Our Top 4 Favorite Google Chrome DevTools Tips & Tricks

google dev tools

Welcome to the final installation of our 3-part series on Google Chrome’s DevTools. In part 1 and part 2, we explored an introduction to using DevTools, as well as how you can use it to diagnose SSL and security issues on your site. In the third and final part of our DevTools series, we will be sharing our 4 favourite useful tips and tricks to help you achieve a variety of useful and efficient tasks with DevTools, without ever leaving your website!

Clearing All Site Data

Perhaps one of the most frustrating things when building your website, is the occasional menace that is browser caching. If you’ve put a lot of time into building websites, you probably know the feeling of making a change and then wondering why your site still shows the old page after you refresh. But even further to that, there can be any number of other reasons why you may need to clear all of your site data. Commonly, one might be inclined to just flush all cookies and cache settings in their browser, wiping their history from every website. This can lead to being suddenly logged out of all of your usual haunts – a frustrating inconvenience if you’re ever in a hurry to get something done.

Thankfully, DevTools has a handy little tool that allows you to clear all data related to the site that you’re currently on, without wiping anything else.

  1. Open up DevTools
  2. Click on the “Application” tab. If you can’t see it, just increase the width of your DevTools or click the arrow to view all available tabs.
  3. Click on the “Clear storage” tab under the “Application” heading.
  4. You will see how much local disk usage that specific website is taking up on your computer. To clear it all, just click on the “Clear site data” button.

That’s it! Your cache, cookies, and all other associated data for that website will be wiped out, without losing cached data for any other website.

Testing Device Responsiveness

In today’s world of websites, mobile devices make up more than half of all traffic to websites. That means that it’s more important than ever to ensure your website is fully responsive and looking sharp across all devices, not just desktop computers. Chrome DevTools has an incredibly useful tool to allow you to view your website as if you were viewing it on a mobile device.

  1. Open up DevTools.
  2. Click the “Toggle device toolbar” button on the top left corner. It looks like a tablet and mobile device. Alternatively, press Ctrl + Shift + M on Windows.
  3. At the top of your screen you should now see a dropdown of available devices to pick from, such as iPhone X. Selecting a device will adjust your screen’s ratio to that of the selected device.

Much easier than sneaking down to the Apple store to test out your site on every model of iPhone or iPad, right?

Viewing Console Errors

Sometimes you may experience an error on your site, and not know where to look for more information. This is where DevTools’ Console tab can come in very handy. If you experience any form of error on your site, you can likely follow these steps to find a lead on what to do to solve it:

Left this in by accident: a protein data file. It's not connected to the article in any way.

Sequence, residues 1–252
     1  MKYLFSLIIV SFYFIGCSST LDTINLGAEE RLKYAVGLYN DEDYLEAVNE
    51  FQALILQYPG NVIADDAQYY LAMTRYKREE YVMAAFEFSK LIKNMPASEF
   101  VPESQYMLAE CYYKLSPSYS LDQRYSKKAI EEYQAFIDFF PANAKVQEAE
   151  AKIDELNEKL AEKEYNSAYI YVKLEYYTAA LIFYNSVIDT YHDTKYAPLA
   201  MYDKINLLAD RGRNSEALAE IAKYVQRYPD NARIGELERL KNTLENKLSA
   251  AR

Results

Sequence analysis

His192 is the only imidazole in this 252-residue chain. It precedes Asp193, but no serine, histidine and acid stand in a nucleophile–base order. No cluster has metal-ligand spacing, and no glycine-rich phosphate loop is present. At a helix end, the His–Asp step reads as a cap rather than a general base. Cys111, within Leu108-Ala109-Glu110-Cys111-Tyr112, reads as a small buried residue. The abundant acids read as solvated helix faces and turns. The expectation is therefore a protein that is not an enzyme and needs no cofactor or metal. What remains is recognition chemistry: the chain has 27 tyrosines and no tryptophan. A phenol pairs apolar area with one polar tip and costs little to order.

1. Open up DevTools
  2. Select the “Console” tab
  3. If your console logged any errors, you can find them here. You may see a 403 error, or a 500 error, etc. The console will generally log extra information too.

If you follow the above steps and you see a 403 error, you then know your action was not completed due to a permissions issue – which can get you started on the right track to troubleshooting the issue. Whatever the error(s) may be, there is usually a plethora of information available on potential solutions by individually researching those error codes or phrases on Google or your search engine of choice.

Edit Any Text On The Page

While you can right-click on text and choose “inspect element”, and then modify text that way, this alternative method allows you to modify any text on a website as if you were editing a regular document or a photoshop file, etc.

  1. Open up DevTools
  2. Go to the “Console” tab
  3. Copy and paste the following into the console and hit enter:
    1. document.designMode=”on”

Once that’s done, you can select any text on your page and edit it. This is actually one of the more fun DevTools features, and it can make testing text changes on your site an absolute breeze.

Conclusion

This concludes our entire DevTools series! We hope you’ve enjoyed it and maybe picked up a few new tools along the way. Our series only really scratches the surface of what DevTools can be used for, but we hope this has offered a useful introduction to some of the types of things you can accomplish. If you want to keep learning, be sure to head over to Google’s Chrome DevTools documentation for so much more!